Save of the night - With the Bruins on a late second period powerplay, Price went behind the net to play a dump in. Instead of being able to corral the puck, it bounced off of his stick and out front, giving the Bruins player an empty net to shoot at.

With Price scrambling to get back in the net, Raphael Diaz slide across just in time to block the shot. That kept the game tied at one and, ultimately, allowed the Habs to grab the victory.

Fight of the night - Well the only fight actually, was when P.K. Subban and Brad Marchand threw down near the end of the second. They had previous tried to fight two other times before the refs finally let them go.

While I originally thought Subban would get the better of Marchand due to his size and strength advantage, I was totally wrong.

I wouldn't call it a clear victory either way as both players got shots in, but it became clear to me that Subban just has no idea how to fight.

It's probably better that way, since the Habs can have him breaking a hand or something!

If you didn't see it, here it is in all it's sad, sad glory:

That was a bit sad now wasn't it? Especially that see-it-coming-a-mile-away haymaker. It kind of reminds me of his wind up for a slapshot.

Shorten your swing my friend!

Oh, and do you think Marchand was trying to exact revenge for Subban's clean but devastating hit on him from last season?

No pushback - Ok, ok, Subban and Marchand fighting was pretty harmless, except for the risk of a broken hand.

But then, in the third period, every Bruins player—with enforcer Shawn Thornton at the front of the line—decided to take runs at Subban. Thornton, in particular, must have got Subban two or three times with borderline hits on one shift.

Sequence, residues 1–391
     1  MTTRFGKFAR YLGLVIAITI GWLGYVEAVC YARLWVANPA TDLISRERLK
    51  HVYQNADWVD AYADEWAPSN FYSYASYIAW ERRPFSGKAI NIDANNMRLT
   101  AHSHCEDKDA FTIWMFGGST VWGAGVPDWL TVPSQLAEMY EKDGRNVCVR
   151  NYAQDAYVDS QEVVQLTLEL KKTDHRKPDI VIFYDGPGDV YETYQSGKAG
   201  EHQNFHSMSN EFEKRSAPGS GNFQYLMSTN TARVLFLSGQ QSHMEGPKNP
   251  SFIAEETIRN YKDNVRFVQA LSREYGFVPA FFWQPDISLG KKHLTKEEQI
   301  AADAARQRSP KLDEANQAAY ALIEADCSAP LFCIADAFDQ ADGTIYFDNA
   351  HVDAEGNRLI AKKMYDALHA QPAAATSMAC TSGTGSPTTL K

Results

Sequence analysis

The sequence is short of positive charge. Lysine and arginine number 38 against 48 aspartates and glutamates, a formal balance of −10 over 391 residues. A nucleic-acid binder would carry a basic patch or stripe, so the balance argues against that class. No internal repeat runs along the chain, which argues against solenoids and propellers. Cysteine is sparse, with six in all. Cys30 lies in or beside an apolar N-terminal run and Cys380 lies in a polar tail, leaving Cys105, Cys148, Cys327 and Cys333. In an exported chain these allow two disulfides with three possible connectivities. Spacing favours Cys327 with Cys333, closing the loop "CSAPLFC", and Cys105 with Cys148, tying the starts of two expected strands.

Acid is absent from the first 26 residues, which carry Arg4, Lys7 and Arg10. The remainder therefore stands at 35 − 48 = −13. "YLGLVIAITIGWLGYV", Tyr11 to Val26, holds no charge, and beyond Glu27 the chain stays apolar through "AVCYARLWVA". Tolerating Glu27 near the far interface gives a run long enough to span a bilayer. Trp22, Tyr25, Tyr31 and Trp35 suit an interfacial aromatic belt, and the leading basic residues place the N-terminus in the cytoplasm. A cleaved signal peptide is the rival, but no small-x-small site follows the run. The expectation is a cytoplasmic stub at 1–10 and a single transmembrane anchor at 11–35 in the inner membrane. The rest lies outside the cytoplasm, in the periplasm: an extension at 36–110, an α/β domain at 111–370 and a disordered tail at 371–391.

The problem is that Subban, as one of the undisputed stars of the team, should not have to deal with that garbage. He should be able to focus on playing hockey and helping the Habs win. Unfortunately there is no one on the Canadiens squad who could or would step up in Subban's defense.

I still maintain that, while I'm not a fan of having a goon on the team, having someone who can "take care of business", when needed, is an absolute must.

Love him or hate him, Georges Laraque kept the opposition honest. You wouldn't have seen any of that with him in the lineup.

Question of the day - Did the Habs just save their season? A two-game winning streak does not necessarily mean that all the Habs troubles are behind them.

But it could.

Especially if that two game streak turns into three with another win over the Bruins on Saturday.

They say that every team has to go through their bit of adversity during the season in order to put together a solid year.

Has Montreal, less than 10 games in, already dealt with and overcome theirs?

Up next - The Canadiens return home for the second of a home-and-away against the Bruins tomorrow night at the Bell Centre.

The two teams renewed their rivalry last night in what seemed a lot like a playoff game. Considering that the plot seems to thicken each time these teams play each other, Saturday night's game should be a doozey!


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Kamal is a freelance writer, Senior Writer/Editor-in-Chief of and Montreal Canadiens Blogger on Kamal is also a weekly contributor to the Sunday Shinny on TSN Radio 990 (AM 990) every Sunday from 9 - 10 AM. Listen live at

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The girl who might have saved their season. A young reporter Jessica Rusnak asked the question about why Cole was not used on the PP and she got a cold reponse. It was not so much her question but the condescending way Martin responded with a chuckle and then a stupid answer about Cole scoring only 3 PP goals last season. It started a fire-storm in the media and other Internet postings. Well, Martin was forced (might have someone from above if not public pressure) and Cole was put into situation where he could succeed ever since that particular incident.

@anonymous: Hah, too true! That Rusnak comment really started a poop-storm in this city.

We don't entirely know what went on behind the scenes and why Pearn was fire. But you have to think that all of it came to a head.

There was a players meeting held this week before the Habs win against the Flyers. Who knows what was discussed and whether the team leadership went to the GM with gripes about the coaching staff.

Either way, Cole getting more icetime was long overdue and now the Canadiens are starting to reap the rewards.